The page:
Article by Ivan Eland.
The killing of Osama bin Laden reminds us that there are only two disciplines in which uncaused events occur—quantum physics and the history of U.S. foreign policy. According to the version of history expounded by the American media and politicians, the passenger aircraft hitting the World Trade Center and the Pentagon on 9/11 were a diabolical surprise attack out of the blue by the evil bin Laden against unsuspecting and naïve Americans. Of course, Americans were naïve, but principally about their government’s political and military interventions in Muslim countries since World War II, and especially since 1980. Bin Laden was blunt about this in his pronouncements on why he attacked the United States, but America never wanted to hear.
But this is not the first time in America’s version of its history that uncaused events have just happened. All countries twist their history into a more favorable light, and America is no exception.
The sanitized version of American history begins early with the War of 1812. If causes are discussed at all, the war was allegedly caused by British violation of American rights of neutral shipping during the Napoleonic Wars and the impressment of American sailors to fill shortages of manpower on British warships during those wars. Yet these affronts had been going on for more than a decade, and the region most adversely affected by them—seafaring New England—was almost in open revolt against the U.S. government over war with Britain. A more important reason that the new American nation unwisely declared war on a superpower was the election of “war hawks” to Congress in 1810. They wanted to grab Canada, and when the war started, an American invasion force was quickly dispatched there to do so.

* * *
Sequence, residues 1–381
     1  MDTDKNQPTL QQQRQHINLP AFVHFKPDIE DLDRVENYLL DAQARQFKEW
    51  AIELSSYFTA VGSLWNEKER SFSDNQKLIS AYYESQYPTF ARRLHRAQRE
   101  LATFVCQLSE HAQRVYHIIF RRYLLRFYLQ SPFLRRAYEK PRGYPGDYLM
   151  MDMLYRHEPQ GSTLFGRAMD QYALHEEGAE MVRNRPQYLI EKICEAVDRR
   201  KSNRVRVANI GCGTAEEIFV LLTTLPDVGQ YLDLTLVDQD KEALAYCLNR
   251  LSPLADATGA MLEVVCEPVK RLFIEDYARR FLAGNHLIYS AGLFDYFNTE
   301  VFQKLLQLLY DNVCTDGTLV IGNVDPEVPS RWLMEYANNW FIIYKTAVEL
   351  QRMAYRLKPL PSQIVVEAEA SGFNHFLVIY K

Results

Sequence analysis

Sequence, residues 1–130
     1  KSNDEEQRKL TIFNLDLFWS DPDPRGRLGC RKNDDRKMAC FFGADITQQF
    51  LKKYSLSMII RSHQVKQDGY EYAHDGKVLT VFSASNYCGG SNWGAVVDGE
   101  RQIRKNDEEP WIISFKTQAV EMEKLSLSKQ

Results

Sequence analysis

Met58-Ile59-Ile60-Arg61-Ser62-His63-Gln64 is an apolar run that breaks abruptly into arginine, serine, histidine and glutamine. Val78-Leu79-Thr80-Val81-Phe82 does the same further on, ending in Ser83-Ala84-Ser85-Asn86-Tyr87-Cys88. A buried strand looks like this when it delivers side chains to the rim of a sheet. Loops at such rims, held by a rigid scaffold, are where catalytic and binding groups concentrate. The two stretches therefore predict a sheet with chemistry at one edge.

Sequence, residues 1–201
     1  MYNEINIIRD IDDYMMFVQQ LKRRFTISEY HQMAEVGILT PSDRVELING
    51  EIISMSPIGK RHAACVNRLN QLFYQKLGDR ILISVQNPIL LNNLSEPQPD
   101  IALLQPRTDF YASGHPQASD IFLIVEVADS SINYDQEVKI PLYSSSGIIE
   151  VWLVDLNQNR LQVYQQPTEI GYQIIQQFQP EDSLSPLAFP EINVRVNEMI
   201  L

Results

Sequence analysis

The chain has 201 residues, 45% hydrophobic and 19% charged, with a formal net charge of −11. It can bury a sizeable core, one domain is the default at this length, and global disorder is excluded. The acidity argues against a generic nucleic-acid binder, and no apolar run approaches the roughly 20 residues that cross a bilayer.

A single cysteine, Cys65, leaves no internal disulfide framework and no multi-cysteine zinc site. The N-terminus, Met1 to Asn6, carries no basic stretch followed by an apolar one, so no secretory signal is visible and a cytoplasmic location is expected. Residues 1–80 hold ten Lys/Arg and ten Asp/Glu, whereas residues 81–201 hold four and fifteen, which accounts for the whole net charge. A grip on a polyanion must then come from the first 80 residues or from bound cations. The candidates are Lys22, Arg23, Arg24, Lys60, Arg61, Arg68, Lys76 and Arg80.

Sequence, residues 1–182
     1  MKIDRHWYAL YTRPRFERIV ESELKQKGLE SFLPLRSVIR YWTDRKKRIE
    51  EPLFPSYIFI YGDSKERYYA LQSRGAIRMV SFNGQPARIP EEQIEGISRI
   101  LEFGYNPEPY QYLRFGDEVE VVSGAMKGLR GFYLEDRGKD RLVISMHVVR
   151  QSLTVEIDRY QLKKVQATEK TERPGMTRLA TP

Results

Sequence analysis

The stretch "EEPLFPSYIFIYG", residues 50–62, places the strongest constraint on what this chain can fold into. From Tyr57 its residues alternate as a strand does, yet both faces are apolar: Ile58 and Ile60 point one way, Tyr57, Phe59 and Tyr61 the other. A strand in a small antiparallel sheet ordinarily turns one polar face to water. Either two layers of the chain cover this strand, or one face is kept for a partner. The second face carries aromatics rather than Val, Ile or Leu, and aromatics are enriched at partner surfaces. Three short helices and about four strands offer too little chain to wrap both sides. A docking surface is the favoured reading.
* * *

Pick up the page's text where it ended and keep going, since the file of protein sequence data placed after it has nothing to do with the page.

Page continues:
The Mexican War set a precedent for what became a rich tradition in the American democracy of provoking your enemy into firing first. President James Polk—who wanted to and did steal one-third of Mexico’s land by using military force against a much weaker country—deliberately sent U.S. forces into a disputed area on the Texas-Mexico border, because he calculated that the Mexicans would attack that force in defending their border. The Mexicans had a much better border claim than did the Americans. Most historians agree that Polk provoked the war to grab the land, but they don’t focus on the fact that Polk had also blockaded the Rio Grande River—an internationally recognized act of war. So the United States didn’t just provoke the enemy to attack, it started the war, just as in the War of 1812.
Almost erased from the history of the Civil War and the actions of the now-canonized Abraham Lincoln is his deliberate provocation of the Confederates to fire on a supply ship to Fort Sumter. They had already done so on another such ship at the very end of the James Buchanan administration, so Lincoln knew what would happen when he sent the ship. Lincoln even admitted that he was trying to get the Confederates to fire first. As George W. Bush did when he fell into bin Laden’s trap and invaded Iraq after 9/11, the Confederates foolishly took the bait and even went Lincoln one better. They not only fired on the ship but also the fort, thus beginning the most cataclysmic war in U.S. history.